Roger L. McMullen, PhD, is currently Senior Research Scientist in the Materials Science Department at Ashland Specialty Ingredients. He earned a Bachelor in Chemistry from Saint Vincent College in 1996 and a PhD in Biophysical Chemistry from Seton Hall University in 2005. Roger has more than 15 years' experience in the personal care industry. He actively speaks at many international conferences and is the primary author of more than 25 peer-reviewed book chapters and journal articles. For the past five years, he has been editor of Cosmetiscope, the monthly periodical of the New York Chapter of the Society of Cosmetic Chemists. He is also an adjunct professor at Farleigh Dickinson University, where he teaches biochemistry in the Cosmetic Science Master's program. Prior to pursuing a career in science, Roger served in the US Navy on board the vessel, USS Yorktown (Cg 48).

Crisan Popescu was born in Lugoj, Romania. He studied chemistry at the Technical University "Ghe.Asachi" in Iasi, Romania, and at the Textile Engineering Institute (today Donghua University) in Shanghai, graduating as an engineer of textile chemistry. He received his doctorate in chemistry from the University of Bucharest. In 1995 he became professor of textile chemistry at University "Aurel Vlaicu" in Arad, Romania. Since 2001, he has been a scientist at the DWI at RWTH Aachen University in Germany, working on keratins, and has since 2004 been an invited professor of wool chemistry at the University of High Alsace, Mulhouse, France. His fields of interest include biopolymers, the physics and chemistry of keratins, thermal analysis, and the kinetics of solid state reactions.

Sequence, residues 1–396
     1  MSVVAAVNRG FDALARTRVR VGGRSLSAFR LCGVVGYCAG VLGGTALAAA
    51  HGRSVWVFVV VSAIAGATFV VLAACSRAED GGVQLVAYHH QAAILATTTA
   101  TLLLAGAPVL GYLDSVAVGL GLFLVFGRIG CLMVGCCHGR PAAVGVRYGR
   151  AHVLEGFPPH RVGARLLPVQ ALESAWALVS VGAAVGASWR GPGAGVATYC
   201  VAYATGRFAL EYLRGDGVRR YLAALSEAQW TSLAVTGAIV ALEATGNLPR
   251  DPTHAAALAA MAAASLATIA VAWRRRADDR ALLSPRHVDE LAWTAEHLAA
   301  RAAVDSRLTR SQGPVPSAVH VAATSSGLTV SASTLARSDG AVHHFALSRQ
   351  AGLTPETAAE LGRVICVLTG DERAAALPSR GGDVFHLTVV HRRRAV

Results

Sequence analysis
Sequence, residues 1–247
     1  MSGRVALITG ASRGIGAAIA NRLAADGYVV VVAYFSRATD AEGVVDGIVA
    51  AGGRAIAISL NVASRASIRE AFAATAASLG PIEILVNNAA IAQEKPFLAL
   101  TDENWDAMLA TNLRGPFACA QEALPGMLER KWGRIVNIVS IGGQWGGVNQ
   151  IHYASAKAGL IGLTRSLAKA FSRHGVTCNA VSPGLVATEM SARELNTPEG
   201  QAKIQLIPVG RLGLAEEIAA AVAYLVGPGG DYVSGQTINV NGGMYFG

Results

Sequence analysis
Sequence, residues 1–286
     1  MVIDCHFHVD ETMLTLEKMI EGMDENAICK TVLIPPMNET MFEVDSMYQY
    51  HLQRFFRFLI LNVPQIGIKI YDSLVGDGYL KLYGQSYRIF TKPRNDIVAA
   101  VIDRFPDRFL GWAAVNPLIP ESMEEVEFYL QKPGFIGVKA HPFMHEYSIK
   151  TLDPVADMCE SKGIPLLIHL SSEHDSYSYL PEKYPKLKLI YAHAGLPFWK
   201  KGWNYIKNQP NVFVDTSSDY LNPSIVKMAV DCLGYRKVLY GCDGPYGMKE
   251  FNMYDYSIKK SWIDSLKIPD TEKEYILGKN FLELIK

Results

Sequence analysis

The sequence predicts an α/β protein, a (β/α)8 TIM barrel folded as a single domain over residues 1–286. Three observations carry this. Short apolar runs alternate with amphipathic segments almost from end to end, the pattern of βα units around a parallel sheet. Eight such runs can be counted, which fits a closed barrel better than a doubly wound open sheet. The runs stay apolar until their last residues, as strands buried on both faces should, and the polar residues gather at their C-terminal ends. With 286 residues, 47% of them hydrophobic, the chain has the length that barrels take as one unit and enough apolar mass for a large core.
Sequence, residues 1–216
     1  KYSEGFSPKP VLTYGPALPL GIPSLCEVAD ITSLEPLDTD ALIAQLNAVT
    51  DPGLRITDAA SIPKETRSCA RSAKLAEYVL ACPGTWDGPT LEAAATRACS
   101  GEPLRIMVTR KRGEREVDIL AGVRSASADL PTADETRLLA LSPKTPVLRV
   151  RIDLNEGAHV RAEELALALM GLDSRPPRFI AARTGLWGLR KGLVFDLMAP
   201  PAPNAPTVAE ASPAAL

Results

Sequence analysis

Alan Swift earned both a Bachelor of Science in Chemistry and a PhD in Textiles from the University of Leeds, England. He worked for Unilever Research in the United Kingdom for 32 years where he became section manager and senior scientist. Since 1994 he has engaged in consultancy work for major international hair toiletry companies. He has published more than 90 journal papers, book chapters, and monographs, mainly concerned with the chemistry, structure, and physical properties of human hair. Awards for his work have included both the Joseph P. Ciaudelli and Literature awards of the US Society of Cosmetic Chemists and an IFSCC award for best conference paper. He is currently an honorary member of staff in the Faculty of Materials at the University of Manchester, England.